Paleoclimatologist reads climate change from stalagmites in the Caves of Han
The Earth is full of climate information. The Famenne-Ardenne region is no exception. This is why scientists have set up a Geopark here: a park where tourists and inhabitants are made aware of geosciences, in order to contribute to the fight against climate change.
“Most of what we know about the climate, we owe it to paleoclimatology”, explains Sophie Verheyden, researcher at the Brussels Institute of Natural Sciences. Paleoclimatology is the science that studies past climates and their fluctuations. In Belgium, Sophie Verheyden analyzes the stalagmites of the caves of the Famenne-Ardenne Geopark, “real information traps”.
Created in 2014, the Geopark Famenne-Ardenne is the only one in Belgium. It occupies a chalky strip of 915 km², i.e. eight municipalities (Beauraing, Durbuy, Hotton, Marche-en-Famenne, Nassogne, Rochefort, Tellin and Wellin) with more than 67,000 inhabitants. In 2018, it received the UNESCO label. Thus, the sites of the geographical area are recognized as being of international geological importance. They must therefore be managed according to a concept of protection, education and sustainable development.
Protect and enhance the natural heritage
This project was initiated by Sophie Verheyden. For the paleoclimatologist, the Famenne-Ardenne Geopark is a veritable playground for climate research. The geological heritage also serves to increase the knowledge of the inhabitants and visitors in geosciences. In this way, social issues such as climate change, the environment and natural and cultural heritage can be discussed.
In collaboration with the school of Marche-en-Famenne, a pilot project has been set up around the caves of Han-sur-Lesse, to raise students’ awareness of geosciences. These caves attract 300,000 visitors every year. Explanatory panels are installed and visits to the geosites are supervised by two geologists. “We want to make people aware of their environment through knowledge”, underlines the scientist. “We didn’t learn enough about climate change at school and it affects us now,” she laments.
The caves contain subterranean information fossilized in calcite: a mixture of calcium, carbon and oxygen. This allowed Sophie Verheyden to gather information on the environment of the region, and even of the continent. “We can go back 600,000 years and date major climate changes.”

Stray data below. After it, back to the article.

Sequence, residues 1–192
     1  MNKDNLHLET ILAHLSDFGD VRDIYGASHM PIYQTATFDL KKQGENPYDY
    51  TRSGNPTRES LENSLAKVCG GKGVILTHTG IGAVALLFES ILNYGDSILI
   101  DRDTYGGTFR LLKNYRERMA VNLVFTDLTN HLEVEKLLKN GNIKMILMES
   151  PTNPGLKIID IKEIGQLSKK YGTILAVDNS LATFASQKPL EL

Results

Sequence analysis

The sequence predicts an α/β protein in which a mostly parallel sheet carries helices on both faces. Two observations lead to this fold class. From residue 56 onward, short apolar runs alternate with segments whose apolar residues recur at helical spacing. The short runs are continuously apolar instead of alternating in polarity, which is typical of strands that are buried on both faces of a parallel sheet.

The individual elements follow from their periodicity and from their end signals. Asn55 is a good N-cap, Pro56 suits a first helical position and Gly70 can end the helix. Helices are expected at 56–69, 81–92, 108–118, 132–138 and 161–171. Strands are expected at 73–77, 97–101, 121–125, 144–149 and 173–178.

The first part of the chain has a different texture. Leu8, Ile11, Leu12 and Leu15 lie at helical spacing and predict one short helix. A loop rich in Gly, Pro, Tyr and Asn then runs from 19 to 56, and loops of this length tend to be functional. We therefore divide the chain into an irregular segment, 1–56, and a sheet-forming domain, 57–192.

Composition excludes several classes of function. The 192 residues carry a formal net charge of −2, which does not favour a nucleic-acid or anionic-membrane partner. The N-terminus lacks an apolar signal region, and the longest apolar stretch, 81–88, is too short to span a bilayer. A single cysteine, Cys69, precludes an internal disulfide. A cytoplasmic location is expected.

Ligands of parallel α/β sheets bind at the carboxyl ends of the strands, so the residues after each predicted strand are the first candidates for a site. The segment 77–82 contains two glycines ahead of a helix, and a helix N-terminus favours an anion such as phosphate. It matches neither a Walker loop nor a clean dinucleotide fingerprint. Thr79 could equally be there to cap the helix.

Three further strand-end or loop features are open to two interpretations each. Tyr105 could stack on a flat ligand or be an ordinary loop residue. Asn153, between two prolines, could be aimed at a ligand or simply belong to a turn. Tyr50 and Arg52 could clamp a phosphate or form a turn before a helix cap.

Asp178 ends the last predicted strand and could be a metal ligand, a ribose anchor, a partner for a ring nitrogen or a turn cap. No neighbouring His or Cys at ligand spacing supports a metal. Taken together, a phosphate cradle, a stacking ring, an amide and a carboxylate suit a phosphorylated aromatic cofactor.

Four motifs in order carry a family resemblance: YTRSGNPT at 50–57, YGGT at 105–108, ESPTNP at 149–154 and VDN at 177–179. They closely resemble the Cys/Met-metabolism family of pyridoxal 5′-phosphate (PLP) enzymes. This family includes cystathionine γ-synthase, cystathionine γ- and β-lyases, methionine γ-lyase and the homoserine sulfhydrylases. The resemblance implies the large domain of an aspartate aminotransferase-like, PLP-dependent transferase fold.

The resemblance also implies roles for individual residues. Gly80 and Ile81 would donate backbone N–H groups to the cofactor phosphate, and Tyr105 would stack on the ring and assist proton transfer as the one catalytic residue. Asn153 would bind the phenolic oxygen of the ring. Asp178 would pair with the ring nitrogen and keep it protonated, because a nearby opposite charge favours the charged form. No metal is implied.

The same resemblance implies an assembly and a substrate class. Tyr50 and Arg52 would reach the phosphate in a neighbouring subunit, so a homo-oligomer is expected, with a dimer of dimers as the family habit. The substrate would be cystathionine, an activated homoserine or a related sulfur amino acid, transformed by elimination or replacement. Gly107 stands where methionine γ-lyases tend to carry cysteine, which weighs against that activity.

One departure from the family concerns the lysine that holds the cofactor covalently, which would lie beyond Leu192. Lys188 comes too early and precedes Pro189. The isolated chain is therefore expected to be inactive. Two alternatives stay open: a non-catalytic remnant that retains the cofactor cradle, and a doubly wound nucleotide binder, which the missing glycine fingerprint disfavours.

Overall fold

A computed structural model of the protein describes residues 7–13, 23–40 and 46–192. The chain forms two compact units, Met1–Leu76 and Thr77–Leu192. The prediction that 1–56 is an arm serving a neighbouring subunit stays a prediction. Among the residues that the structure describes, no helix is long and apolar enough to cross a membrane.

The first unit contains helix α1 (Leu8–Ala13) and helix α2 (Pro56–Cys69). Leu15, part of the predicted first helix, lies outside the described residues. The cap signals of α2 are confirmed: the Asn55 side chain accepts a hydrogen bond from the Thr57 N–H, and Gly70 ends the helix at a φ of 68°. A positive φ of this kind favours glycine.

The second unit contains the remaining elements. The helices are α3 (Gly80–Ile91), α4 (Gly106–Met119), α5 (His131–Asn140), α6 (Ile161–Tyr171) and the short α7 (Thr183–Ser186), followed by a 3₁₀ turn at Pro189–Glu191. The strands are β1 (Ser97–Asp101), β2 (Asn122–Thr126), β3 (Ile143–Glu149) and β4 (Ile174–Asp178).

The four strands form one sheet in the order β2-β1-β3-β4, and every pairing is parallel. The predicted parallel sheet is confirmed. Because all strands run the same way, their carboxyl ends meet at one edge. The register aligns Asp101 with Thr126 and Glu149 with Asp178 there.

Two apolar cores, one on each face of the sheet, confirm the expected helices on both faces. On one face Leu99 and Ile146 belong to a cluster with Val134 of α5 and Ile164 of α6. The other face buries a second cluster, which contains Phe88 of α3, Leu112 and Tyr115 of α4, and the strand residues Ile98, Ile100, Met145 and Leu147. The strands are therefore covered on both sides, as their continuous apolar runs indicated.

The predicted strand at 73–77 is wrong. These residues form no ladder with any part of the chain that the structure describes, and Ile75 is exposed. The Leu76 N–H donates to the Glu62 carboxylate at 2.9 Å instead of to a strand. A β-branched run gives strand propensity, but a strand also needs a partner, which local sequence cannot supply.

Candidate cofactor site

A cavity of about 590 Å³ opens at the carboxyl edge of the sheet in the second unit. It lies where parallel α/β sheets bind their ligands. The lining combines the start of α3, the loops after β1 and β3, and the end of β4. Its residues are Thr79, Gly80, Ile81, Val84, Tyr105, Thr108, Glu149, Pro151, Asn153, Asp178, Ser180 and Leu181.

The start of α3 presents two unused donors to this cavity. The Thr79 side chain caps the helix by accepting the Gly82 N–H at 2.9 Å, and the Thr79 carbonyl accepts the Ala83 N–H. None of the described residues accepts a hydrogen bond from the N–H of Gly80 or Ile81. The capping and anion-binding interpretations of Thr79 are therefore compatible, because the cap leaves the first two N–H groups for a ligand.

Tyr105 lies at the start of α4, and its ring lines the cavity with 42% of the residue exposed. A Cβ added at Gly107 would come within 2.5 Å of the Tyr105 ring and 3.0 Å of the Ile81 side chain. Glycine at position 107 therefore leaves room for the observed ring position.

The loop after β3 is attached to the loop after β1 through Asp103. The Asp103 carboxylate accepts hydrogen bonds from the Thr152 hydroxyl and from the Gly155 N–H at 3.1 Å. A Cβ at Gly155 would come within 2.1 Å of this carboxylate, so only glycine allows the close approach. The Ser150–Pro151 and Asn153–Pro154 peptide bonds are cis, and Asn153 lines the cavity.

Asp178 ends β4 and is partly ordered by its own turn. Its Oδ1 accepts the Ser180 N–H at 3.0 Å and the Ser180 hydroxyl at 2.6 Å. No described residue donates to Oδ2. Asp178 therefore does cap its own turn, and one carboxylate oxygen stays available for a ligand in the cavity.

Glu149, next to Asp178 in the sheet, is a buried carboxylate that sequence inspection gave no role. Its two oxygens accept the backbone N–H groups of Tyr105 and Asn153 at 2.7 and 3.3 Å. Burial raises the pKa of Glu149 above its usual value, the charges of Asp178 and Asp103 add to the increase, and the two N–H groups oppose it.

The color, density and sediments that make up a stalagmite say a lot about the climatic events that took place. That the current climate change, with the dazzling increase in CO2level, is not the first to experience the Earth, for example. But she qualifies: “The last time was in the Cretaceous and we are not dinosaurs…. If it continues like this, we don’t know in what circumstances people will live,’ worries Sophie Verheyden. Moreover, today the environment is much poorer. “We are making our own environment unlivable. We must strive for sustainability. According to the scientist, the protection of the soil and subsoil is essential for the restoration of our environment.
This future climate change is alarming. This is why the paleoclimatologist insists on the importance of behavioral change in humans. And that’s exactly what she wants to encourage with the Geopark. “We need to be aware of our impact and change our habits, even if it takes effort. We are already seeing a flood of protests from the younger generation and this is encouraging for the future.
“The geology is reassuring. It helps to take a step back and think about how to do things in a coherent and relevant way,” says Verheyden. According to her, everyone can contribute to this change of mentality. “We can still maintain a humanly sustainable situation. Every gesture counts to change mentalities.’
Green and educational tourism
Scientific research is carried out in close collaboration with the tourism sector. Alain Petit, director of Geopark Famenne-Ardenne, has worked in tourism for 25 years. He explains that the park project is also part of sustainable development, because it stands out in tourism for its scientific added value.
For example, geo-walks are organized, with geological and archaeological explanations of the environment and its biodiversity. Charters and codes of conduct are also used. “We must encourage good environmental behavior,” says Alain Petit. “We try to encourage visitors to sustainable tourism, respecting the environment.”
“Food expert. Unapologetic bacon maven. Beer enthusiast. Pop cultureaholic. General travel scholar. Total internet buff.”